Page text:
Creepy Boon Island Light Still Haunts Maine’s Coast with Its Cannibalistic Past
Boon Island Light
Boon Island near Cape Neddick, Maine
Boon Island Light stands faded and rugged on a small rocky island off Cape Neddick. The history behind this light is as creepy as it’s appearance.
You can only see the lighthouse from the sea or the air, and no tours are available. But why would you want to go ashore an island with such a dark and creepy past?
Legend and lore swirls around Boon Island Light and it’s earliest keepers. Living on a 300 by 700 foot island off the southern coast of Maine had it’s challenges.
In the deepest, darkest depths of winter, supplies were often scarce. Conditions prevented new shipments of food and the keepers grew tired, hungry, and restless, according to NewEnglandLighthouses.net.
The website tells the tale of a new keeper and his wife who kept the light shining for several months before the husband got sick and passed away. The wife tried to keep the light going even after his death, but she was eventually driven mad.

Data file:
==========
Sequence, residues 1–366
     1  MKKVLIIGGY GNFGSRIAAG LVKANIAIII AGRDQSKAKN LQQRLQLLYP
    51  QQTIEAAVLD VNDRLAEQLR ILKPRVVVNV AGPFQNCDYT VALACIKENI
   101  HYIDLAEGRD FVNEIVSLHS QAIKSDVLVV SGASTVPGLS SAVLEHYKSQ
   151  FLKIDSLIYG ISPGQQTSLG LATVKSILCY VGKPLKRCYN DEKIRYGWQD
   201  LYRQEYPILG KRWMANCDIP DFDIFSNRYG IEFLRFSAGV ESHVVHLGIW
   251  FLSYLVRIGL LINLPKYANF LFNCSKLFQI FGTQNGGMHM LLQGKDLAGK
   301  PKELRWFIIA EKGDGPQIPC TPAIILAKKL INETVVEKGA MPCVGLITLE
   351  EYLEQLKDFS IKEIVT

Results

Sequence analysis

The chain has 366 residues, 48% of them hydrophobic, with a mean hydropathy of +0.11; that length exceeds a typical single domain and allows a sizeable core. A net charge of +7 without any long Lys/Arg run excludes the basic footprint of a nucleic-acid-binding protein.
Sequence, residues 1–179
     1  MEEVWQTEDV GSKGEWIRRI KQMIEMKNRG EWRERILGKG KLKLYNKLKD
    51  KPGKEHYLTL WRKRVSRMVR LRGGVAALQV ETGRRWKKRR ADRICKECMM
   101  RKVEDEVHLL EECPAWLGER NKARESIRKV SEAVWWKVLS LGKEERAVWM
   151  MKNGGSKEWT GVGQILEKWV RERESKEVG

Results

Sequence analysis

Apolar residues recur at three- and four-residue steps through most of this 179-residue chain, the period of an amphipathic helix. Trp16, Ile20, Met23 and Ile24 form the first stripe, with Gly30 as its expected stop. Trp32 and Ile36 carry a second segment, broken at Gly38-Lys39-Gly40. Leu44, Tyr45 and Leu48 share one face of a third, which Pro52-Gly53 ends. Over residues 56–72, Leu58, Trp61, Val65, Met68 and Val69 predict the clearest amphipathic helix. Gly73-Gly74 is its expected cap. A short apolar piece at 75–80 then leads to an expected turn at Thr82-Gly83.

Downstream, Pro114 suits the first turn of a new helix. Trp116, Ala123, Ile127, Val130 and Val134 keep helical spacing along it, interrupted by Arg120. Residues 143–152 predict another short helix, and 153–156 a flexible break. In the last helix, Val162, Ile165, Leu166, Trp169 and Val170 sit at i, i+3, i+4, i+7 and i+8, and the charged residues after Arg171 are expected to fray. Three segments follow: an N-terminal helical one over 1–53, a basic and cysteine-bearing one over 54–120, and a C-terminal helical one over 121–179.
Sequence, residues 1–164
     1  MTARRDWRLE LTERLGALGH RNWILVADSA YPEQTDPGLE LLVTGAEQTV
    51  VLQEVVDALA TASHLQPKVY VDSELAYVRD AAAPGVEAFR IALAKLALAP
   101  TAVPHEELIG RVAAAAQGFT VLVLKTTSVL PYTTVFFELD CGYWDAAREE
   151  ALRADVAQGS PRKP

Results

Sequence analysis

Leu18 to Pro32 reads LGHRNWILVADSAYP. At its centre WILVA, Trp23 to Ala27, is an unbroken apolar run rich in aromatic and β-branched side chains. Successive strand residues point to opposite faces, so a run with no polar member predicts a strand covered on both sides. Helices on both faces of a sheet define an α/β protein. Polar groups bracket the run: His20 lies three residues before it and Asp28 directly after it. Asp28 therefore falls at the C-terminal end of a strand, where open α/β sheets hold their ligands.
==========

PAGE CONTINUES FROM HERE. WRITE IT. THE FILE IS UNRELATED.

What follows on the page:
…Local mariners noticed the lack of a light at Boon Island. They landed to investigate and found the young woman wandering the rocks aimlessly, driven mad by grief and exhaustion. The young woman supposedly died a few weeks later.
The most famous and darkest story of Boon Island occurred before the lighthouse was established in 1811, according to NewEnglandLighthouses.net. A British ship called the Nottingham crashed ashore during stormy weather, the website states, and after three weeks passed with no sign of rescue, the people turned to cannibalism to stay alive.